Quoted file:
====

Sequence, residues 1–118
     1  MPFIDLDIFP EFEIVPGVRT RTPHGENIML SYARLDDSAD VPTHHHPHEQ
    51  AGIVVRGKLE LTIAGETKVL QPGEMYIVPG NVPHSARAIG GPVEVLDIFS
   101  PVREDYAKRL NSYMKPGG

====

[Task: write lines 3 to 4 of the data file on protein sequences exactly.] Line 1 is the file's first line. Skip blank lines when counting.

    51  AGIVVRGKLE LTIAGETKVL QPGEMYIVPG NVPHSARAIG GPVEVLDIFS
   101  PVREDYAKRL NSYMKPGG